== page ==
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Mr Ampratwum said the research revealed that a solid majority of Ghanaians supported media exposure of government mistakes and corruption with 55 per cent of them endorsing free media practice
But a large minority (43 per cent) endorse government control over the media practice, he added.

Commenting on this, Professor Audrey Gadzekpo, Member of the Board of Directors, CDD, Ghana, said it sounded ironical that in one breath Ghanaians supported and applauded the media for their efforts in exposing corruption and mistakes of government, but at the same time endorsed governmental control over the media. She said it could be that either the respondents did not have proper understanding of what the media was or that perhaps public confidence in the ability of the media to operate within their boundaries was on a decline.

The emergence of community radio in Ghana’s media sphere has changed the political economy of communications in Ghana. The participatory platform of the medium has led to citizens’ empowerment and facilitated the political, economic and social development of this new democracy. Marginalized communities are now able to question policies. The views expressed during these participatory programmes like live phone-in have helped to promote accountability and transparency within government circles and the corporate world. However, concerns have been raised over the serious allegations and mischievous remarks made on community radio stations and how they can be regulated. This article shall argue that the complex and intricate nature of the regulatory mechanism and the conceptualization of community radio have made it difficult for the regulatory body, National Media Commission (NMC) to regulate the community radio. Seeing that Ghana is a multi-ethnic state, her democracy may be endangered if the content from community radio stations which could heat up the polity is not regulated.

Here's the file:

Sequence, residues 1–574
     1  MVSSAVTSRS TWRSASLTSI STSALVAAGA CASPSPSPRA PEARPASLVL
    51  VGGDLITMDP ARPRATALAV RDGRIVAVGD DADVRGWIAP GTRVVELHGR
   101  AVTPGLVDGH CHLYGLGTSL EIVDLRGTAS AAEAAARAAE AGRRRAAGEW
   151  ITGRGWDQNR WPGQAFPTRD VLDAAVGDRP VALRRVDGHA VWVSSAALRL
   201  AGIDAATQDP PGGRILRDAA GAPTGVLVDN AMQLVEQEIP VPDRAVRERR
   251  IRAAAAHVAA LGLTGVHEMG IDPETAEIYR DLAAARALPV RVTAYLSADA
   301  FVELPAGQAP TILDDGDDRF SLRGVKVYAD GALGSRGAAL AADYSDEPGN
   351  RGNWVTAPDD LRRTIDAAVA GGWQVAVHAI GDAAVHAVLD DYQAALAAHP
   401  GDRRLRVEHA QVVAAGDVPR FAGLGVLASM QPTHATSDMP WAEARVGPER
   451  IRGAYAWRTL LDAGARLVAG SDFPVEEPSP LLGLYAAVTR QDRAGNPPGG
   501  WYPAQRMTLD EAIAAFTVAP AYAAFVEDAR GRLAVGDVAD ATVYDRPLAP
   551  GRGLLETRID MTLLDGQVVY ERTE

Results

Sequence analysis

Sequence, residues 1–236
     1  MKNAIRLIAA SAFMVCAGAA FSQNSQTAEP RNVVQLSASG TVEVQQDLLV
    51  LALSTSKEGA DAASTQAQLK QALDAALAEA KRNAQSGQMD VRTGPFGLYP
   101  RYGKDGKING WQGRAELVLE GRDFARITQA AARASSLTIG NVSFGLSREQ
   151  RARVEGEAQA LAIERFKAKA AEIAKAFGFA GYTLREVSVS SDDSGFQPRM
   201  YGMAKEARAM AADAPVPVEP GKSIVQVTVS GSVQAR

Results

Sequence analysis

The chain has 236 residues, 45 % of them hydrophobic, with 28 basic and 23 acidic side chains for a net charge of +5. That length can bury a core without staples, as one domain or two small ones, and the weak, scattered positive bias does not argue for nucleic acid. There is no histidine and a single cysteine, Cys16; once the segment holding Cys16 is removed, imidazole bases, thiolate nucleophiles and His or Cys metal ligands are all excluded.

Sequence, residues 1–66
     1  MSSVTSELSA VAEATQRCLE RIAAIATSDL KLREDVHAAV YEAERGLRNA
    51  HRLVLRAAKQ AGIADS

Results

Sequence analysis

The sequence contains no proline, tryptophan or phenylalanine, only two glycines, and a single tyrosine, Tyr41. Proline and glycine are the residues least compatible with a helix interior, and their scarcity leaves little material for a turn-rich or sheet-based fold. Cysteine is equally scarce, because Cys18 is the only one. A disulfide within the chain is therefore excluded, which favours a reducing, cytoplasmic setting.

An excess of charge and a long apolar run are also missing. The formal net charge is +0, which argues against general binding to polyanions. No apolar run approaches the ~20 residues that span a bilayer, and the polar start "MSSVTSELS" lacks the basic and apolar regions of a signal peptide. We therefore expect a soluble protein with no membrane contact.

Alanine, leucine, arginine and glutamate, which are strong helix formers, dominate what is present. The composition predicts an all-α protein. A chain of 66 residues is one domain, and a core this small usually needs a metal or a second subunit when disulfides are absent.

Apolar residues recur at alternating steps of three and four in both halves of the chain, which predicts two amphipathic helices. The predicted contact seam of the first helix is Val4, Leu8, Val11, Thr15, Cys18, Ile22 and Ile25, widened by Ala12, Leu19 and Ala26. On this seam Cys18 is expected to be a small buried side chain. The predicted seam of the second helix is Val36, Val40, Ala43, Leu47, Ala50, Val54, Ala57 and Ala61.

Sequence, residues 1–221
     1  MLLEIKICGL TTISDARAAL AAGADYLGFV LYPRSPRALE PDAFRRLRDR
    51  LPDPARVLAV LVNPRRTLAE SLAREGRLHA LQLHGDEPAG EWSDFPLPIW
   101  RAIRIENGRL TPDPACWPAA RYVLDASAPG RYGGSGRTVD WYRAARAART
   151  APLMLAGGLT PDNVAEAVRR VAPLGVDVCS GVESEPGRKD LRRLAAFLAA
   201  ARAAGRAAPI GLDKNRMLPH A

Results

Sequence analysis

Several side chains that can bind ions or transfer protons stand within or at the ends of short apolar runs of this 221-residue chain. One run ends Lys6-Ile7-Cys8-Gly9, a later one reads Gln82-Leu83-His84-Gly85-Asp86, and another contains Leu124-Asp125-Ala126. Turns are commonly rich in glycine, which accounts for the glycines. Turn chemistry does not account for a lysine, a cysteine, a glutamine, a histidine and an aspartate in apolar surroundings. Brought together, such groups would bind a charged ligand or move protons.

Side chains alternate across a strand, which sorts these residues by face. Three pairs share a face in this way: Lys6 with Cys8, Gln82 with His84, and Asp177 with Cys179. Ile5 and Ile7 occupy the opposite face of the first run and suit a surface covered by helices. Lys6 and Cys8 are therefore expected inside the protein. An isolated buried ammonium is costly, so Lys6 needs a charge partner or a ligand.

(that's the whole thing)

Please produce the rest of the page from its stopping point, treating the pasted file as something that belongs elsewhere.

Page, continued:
The emergence of community radio in Ghana’s media sphere has changed the political economy of communications in Ghana. The participatory platform of the medium has led to citizens’ empowerment and facilitated the political, economic and social development of this new democracy. Marginalized communities are now able to question policies. The views expressed during these participatory programmes like live phone-in have helped to promote accountability and transparency within government circles and the corporate world. However, concerns have been raised over the serious allegations and mischievous remarks made on community radio stations and how they can be regulated. This article shall argue that the complex and intricate nature of the regulatory mechanism and the conceptualization of community radio have made it difficult for the regulatory body, National Media Commission (NMC) to regulate the community radio. Seeing that Ghana is a multi-ethnic state, her democracy may be endangered if the content from community radio stations which could heat up the polity is not regulated.